This is the first time in my almost 4 years as a Lib Dem that I don't really understand why my party is doing what it is doing on a major issue. I really do fear that unless our parliamentarians take the opportunity gifted to them by the voting reps today and stop this NHS bill, we will reap an electoral whirlwind.


Anonymous said...


George W. Potter said...

What basically happened is that there were two emergency motions on the NHS - one by the leadership backing the bill and one trying to kill the bill.

The leadership's emergency motion was entitled: Protecting the NHS - the Shirley Williams Motion. And appeared as such on the ballot paper to select which motion would be debated.

The leadership's motion won the ballot at the fourth round due to second and third preferences from people who'd backed the non-NHS related motions as their first choice. A lot of these people would probably have backed it because they saw Shirley's name attached to it.

In the actual debate on the emergency motion, about 90% of speakers were against it (and against the bill as a whole) and conference voted overall to delete the lines from the motion which committed the party to backing the NHS bill.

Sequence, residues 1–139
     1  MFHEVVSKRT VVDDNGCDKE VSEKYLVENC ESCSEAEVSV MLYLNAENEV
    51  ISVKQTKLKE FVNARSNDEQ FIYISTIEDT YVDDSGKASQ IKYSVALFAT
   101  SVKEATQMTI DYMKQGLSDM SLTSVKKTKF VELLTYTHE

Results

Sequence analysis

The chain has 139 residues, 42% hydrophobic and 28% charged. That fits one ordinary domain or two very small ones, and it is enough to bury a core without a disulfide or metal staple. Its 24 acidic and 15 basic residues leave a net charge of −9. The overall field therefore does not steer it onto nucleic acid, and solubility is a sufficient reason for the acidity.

My assessment is that conference made the best of a bad motion.

Dave Eastham said...

Hi Mark,

I suggest you read Gareth Epps blog for one view of a slice of clarity

Dave Eastham

Jen said...

Sitting at the sidelines away from Gateshead, I think this is the kind of result you get when there are lots of different opinions and motivations in play. Which is what Lib Dem policy making tends to be about, rather than the simple top-down clarity of Red and Blue where the policy is whatever the leader feels like it being that day.

At the risk of dipping into the fine book of Liberal cliche, hasn't conference reached a conclusion that is neither one thing nor the other but somewhere in between?

The party neither warmly supports the NHS bill, nor feels it is right to jettison the whole thing.

A curate's egg of a bill, like most legislation, it has good things and bad things. Good and bad things would come of passing it; good and bad things would come of killing it.

It's hard for liberals to have a clear Yes or No to such a choice. Labour for instance would say: it's a bad bill but it's OUR bad bill so we support it. Liberals just don't respond as simply that...

Fiona Harmsworth said...

Thank you for this. You've made the situation a bit clearer. But I don't think the outside world will understand anything about divisions among Lib Dems. I think, as you say, it will just come across that the Lib Dems supported the bill. Which might come back to haunt them.

Anonymous said...

The lib dems will be wiped out in 2015 anyway...

Yours is not a mature political movement.

Not ready for, or comfortable with, the responsibilities of government.